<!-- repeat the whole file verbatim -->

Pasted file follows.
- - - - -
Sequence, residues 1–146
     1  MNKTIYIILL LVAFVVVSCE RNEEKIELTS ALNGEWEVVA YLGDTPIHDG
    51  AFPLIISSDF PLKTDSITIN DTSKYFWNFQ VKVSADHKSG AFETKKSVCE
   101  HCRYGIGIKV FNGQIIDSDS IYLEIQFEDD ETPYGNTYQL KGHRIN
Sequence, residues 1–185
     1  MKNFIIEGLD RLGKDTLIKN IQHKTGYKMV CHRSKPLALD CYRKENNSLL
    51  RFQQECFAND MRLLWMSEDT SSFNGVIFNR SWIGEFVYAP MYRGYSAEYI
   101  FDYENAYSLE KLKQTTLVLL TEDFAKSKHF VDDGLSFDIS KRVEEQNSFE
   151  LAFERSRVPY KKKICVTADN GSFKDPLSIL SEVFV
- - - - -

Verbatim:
Sequence, residues 1–146
     1  MNKTIYIILL LVAFVVVSCE RNEEKIELTS ALNGEWEVVA YLGDTPIHDG
    51  AFPLIISSDF PLKTDSITIN DTSKYFWNFQ VKVSADHKSG AFETKKSVCE
   101  HCRYGIGIKV FNGQIIDSDS IYLEIQFEDD ETPYGNTYQL KGHRIN
Sequence, residues 1–185
     1  MKNFIIEGLD RLGKDTLIKN IQHKTGYKMV CHRSKPLALD CYRKENNSLL
    51  RFQQECFAND MRLLWMSEDT SSFNGVIFNR SWIGEFVYAP MYRGYSAEYI
   101  FDYENAYSLE KLKQTTLVLL TEDFAKSKHF VDDGLSFDIS KRVEEQNSFE
   151  LAFERSRVPY KKKICVTADN GSFKDPLSIL SEVFV